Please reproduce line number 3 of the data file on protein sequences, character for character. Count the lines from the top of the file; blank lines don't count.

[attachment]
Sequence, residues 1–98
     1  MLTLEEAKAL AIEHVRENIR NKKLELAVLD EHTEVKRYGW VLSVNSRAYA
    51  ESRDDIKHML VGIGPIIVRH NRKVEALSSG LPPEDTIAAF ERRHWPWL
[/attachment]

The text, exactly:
    51  ESRDDIKHML VGIGPIIVRH NRKVEALSSG LPPEDTIAAF ERRHWPWL